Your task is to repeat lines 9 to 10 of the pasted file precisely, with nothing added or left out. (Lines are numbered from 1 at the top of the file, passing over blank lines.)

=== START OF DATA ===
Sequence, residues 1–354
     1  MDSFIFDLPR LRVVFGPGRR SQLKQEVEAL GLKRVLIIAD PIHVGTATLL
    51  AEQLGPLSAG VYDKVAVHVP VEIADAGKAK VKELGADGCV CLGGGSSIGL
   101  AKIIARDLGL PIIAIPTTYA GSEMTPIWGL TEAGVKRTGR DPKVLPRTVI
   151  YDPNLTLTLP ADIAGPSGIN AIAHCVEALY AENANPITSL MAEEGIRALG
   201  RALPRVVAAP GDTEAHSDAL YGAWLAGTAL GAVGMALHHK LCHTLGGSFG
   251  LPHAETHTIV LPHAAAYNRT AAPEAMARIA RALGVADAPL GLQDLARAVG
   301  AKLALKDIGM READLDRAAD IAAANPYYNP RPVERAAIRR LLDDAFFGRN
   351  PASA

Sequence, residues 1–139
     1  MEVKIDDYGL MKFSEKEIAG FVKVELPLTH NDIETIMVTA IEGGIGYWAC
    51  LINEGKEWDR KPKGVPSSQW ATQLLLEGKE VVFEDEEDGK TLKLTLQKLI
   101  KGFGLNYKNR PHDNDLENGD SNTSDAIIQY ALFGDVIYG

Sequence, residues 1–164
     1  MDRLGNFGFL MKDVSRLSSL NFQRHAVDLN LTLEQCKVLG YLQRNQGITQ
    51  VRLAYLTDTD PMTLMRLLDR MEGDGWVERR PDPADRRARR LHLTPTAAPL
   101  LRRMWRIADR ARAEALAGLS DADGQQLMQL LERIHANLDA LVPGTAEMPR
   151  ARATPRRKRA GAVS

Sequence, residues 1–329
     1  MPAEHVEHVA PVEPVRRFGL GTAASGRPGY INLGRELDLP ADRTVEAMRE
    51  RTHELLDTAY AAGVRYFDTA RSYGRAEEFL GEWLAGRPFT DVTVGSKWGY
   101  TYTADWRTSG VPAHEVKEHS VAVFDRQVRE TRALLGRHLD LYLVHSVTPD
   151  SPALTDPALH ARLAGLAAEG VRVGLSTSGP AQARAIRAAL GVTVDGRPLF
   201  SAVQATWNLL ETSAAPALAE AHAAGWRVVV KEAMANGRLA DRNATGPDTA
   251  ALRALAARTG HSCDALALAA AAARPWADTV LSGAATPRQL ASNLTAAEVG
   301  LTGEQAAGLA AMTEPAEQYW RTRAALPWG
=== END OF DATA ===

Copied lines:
   351  PASA

Sequence, residues 1–139